To the inexperienced, vegan travel might sound difficult and even unpleasant. With a little bit of pre-trip research, vegan travel is not only a breeze, but also fun. I actually think I prefer travelling as a vegan to travelling in my pre-vegan days, for a few reasons:
1. Awesome food
It may seem counterintuitive, but I have tried more new foods since going vegan than before. Kenji Lopez-Altman of Serious Eats, who did a 30 day vegan challenge the past two years, eloquently explains why limited choice actually encourages vegans to try more new foods in his article “Diversity by Restriction“. The quality of food I have eaten has increased exponentially since I went vegan, because I have learned a lot more about food and think a lot more about the restaurants I visit. When travelling as a vegan, you’ll have to spend a bit more time finding vegetarian or vegan restaurants, but you’ll never end up wandering into the nearest overpriced, tourist trap restaurant you pass by.
2. Discovering places I wouldn’t otherwise have gone
As I mentioned, when travelling as a vegan you’re not going to pop into the nearest restaurant frequented by tourists. Instead, vegans usually seek out vegetarian or vegan-friendly restaurants, which are often places you would not have otherwise explored. And they are sometimes located in parts of town you wouldn’t have gone to. In Shanghai, my quest for a vegan restaurant took me to a leafy residential area I wouldn’t have found if I hadn’t been looking for that restaurant. Hidden amidst the hustle and bustle of one of the world’s biggest cities, it was a welcome respite, and it also proved to me that even in one of the most touristed cities in China, if you wander into certain areas you will still be stared at as a foreigner.
Sometimes the restaurants themselves are an experience in themselves, such as the vegan cafe in Sintra, Portugal I visited, which is what I imagine an acid trip to feel like. The whole place felt surreal, from the plants hanging upside down from the ceiling to the bathroom splattered with different coloured paint Jackson Pollack style and the bathtub full of wood chips and potted plants. By far, discovering unexpected places like that are my favourite part of travelling.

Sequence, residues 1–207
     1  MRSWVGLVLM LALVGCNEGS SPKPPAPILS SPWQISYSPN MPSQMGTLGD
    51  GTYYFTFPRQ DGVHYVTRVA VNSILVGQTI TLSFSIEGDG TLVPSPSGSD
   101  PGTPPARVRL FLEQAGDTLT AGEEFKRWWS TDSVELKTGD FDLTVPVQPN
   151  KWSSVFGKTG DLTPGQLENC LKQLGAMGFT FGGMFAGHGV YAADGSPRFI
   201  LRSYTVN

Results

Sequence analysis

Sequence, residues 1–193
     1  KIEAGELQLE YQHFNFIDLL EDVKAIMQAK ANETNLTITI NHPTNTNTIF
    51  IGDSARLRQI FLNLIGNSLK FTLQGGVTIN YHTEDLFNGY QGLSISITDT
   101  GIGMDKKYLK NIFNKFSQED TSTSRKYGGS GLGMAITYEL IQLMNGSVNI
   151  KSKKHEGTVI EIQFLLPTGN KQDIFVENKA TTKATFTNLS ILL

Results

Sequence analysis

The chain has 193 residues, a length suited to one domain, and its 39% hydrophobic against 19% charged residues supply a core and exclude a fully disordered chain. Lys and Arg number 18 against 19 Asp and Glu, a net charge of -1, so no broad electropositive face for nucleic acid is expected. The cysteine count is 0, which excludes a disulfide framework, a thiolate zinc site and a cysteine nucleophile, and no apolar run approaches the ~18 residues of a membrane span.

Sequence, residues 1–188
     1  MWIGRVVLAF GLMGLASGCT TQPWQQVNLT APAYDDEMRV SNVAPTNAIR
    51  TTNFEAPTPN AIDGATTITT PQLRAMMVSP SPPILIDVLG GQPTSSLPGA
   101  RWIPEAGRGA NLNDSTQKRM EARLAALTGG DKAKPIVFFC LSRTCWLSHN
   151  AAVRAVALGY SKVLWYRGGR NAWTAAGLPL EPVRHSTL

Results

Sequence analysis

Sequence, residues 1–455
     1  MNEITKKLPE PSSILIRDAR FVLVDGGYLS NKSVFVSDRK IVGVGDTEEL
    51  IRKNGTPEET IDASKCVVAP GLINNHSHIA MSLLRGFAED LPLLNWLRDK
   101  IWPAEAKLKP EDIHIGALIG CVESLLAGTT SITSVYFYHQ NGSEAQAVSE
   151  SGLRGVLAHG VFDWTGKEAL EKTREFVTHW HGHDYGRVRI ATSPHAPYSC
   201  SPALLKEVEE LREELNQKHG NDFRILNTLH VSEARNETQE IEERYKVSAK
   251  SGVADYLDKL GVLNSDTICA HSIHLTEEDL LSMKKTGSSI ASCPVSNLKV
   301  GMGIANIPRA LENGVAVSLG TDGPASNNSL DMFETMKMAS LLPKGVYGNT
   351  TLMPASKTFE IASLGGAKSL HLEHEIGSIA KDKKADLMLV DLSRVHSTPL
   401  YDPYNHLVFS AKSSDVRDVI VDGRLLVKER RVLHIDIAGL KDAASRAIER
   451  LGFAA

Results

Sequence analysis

3. Meeting other vegans! (Instant camaraderie)
It’s great connecting with others, especially locals, when you travel. As a vegan, if you meet other vegans in your travels, you have an instant camaraderie. Local vegans are usually friendly and willing to recommend restaurants. One of my favourite resources is Couchsurfing. It’s not just a place to find a couch to crash on, Couchsurfers can also indicate they are willing to meet up for a coffee or to show you around their city. You can often find other vegans on Couchsurfing who are willing to give you tips on restaurants or even show you around. And if you happen to run into other vegans, they sometimes become instant friends. When I was in Taipei, I met another vegan who showed me around a local park and market. In Seoul, I met a vegan blogger who took me to a local market for traditional food and also took me to a lantern festival!
I’m currently in Portland to attend VVC, a vegan blogging conference. I’ve already tried brunch at a lovely vegan cafe, And Cafe, and sampled vegan doughnuts from Voodoo (in interesting flavours such as Portland Creme, maple creme filled, and peanut butter Oreo), and am looking forward to more vegan travel. Stay tuned for more vegan travel updates from Portland + my notes from Lisbon!